Apache Traffic Server 3.3.1 released
- gzip plugin is now configurable per mime-type
- Internal milestone timers exposed through plugin APIs
- In clustering mode, content can be forced to be cached locally
- A new authorization proxy plugin
- The FreeBSD builds now support raw disk caches
Traffic Server hackathon at ApacheCon 2013
ApacheCon will be hosting the conference hackathon on Monday February 25th, and the Traffic Server team will be there. There will be almost a dozen Traffic Server committers in attendance. We will be discussing the Traffic Server feature roadmap, hacking on bugs and generally trying to make Traffic Server better. Come by and tell us about your favorite bug (or feature)!
Apache Traffic Server 3.2.4
This is primarily a bug fix release, addressing a number of SSL related issues. Additionally we have important fixes which make running ATS on FreeBSD an overall more pleasant experience. We encourage Traffic Server users to upgrade - and everybody else to try it out!
The source code is immediately available for download.
Choosing an Open Source Proxy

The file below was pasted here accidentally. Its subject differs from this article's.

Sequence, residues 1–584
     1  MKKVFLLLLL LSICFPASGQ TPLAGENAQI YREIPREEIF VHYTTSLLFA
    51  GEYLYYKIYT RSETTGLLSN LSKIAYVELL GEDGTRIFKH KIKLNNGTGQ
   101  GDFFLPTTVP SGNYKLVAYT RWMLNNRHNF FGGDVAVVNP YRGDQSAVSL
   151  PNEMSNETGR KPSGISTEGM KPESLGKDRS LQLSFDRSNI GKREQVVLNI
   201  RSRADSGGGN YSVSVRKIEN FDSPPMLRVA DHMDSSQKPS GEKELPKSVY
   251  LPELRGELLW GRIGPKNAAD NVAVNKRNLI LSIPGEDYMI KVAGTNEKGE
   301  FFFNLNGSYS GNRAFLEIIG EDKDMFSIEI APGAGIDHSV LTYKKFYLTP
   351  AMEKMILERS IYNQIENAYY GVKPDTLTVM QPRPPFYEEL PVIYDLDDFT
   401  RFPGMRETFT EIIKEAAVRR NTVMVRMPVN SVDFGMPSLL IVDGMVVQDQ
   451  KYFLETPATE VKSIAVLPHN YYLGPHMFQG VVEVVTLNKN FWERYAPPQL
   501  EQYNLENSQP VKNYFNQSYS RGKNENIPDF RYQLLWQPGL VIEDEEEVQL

Leif previously posted about his talk at Lisa 2012. I hope that everyone who was able to attend enjoyed it and learned something about the open source web proxy ecosystem. For everyone else, here are the slides, which are pretty interesting. If I ever find any video of the talk, I'll post that as well.
Rolling the D2O: Choosing an Open Source HTTP Proxy Server
In a week or so, I'll be presenting a talk at Usenix LISA '12, titled "Rolling the D20: Choosing an Open Source HTTP Proxy Server". The talk is an attempt to educate the audience not only in what technologies are out there, but also how to pick and choose one that's right for their problem. This will obviously include Apache Traffic Server, but of course other prominent proxies such as Varnish, Squid and Nginx will be examined. I'm hoping to see some of you there, and I'd be very interested to learn more about what is good (and bad) with the current state of affairs when it comes to proxies and caches.
Arno Töll is a new Traffic Server committer
We are welcoming another committer to the Traffic Server community today. Arno Töll has been working hard on packaging Traffic Server for Debian. Distribution packaging is very important because it really makes it easier for people to try out a piece of software. Arno's blog post introducing Traffic Server is probably the best article I have seen for new Traffic Server users, http://daemonkeeper.net/735/apache-trafficserver-the-better-web-cache/ .
Bin Chen is a new Traffic Server committer
Today we welcome Bin Chen as a new Apache Traffic Server committer and member of the project management committee. Chen has done some quality work in the Traffic Server clustering code over the last year, fixing a number of performance issues and adding new features like local content caching (TS-1270). It's great to have another representative of the excellent Taobao team agree to join us!